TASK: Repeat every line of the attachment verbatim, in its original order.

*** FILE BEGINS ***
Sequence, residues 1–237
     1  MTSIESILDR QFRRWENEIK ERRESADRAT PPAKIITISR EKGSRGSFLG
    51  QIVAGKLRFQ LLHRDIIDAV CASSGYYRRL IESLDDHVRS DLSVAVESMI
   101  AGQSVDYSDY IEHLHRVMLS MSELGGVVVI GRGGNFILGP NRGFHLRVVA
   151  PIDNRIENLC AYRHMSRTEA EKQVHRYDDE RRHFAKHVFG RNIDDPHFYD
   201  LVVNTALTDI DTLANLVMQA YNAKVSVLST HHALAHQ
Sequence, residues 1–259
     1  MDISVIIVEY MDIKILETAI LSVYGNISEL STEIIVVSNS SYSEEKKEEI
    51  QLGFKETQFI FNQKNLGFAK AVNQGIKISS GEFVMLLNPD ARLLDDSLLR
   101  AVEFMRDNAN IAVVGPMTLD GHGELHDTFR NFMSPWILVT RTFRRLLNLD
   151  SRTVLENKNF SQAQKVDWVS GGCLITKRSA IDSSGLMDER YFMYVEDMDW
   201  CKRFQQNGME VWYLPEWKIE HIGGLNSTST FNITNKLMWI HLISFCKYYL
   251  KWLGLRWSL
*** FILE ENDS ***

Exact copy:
Sequence, residues 1–237
     1  MTSIESILDR QFRRWENEIK ERRESADRAT PPAKIITISR EKGSRGSFLG
    51  QIVAGKLRFQ LLHRDIIDAV CASSGYYRRL IESLDDHVRS DLSVAVESMI
   101  AGQSVDYSDY IEHLHRVMLS MSELGGVVVI GRGGNFILGP NRGFHLRVVA
   151  PIDNRIENLC AYRHMSRTEA EKQVHRYDDE RRHFAKHVFG RNIDDPHFYD
   201  LVVNTALTDI DTLANLVMQA YNAKVSVLST HHALAHQ
Sequence, residues 1–259
     1  MDISVIIVEY MDIKILETAI LSVYGNISEL STEIIVVSNS SYSEEKKEEI
    51  QLGFKETQFI FNQKNLGFAK AVNQGIKISS GEFVMLLNPD ARLLDDSLLR
   101  AVEFMRDNAN IAVVGPMTLD GHGELHDTFR NFMSPWILVT RTFRRLLNLD
   151  SRTVLENKNF SQAQKVDWVS GGCLITKRSA IDSSGLMDER YFMYVEDMDW
   201  CKRFQQNGME VWYLPEWKIE HIGGLNSTST FNITNKLMWI HLISFCKYYL
   251  KWLGLRWSL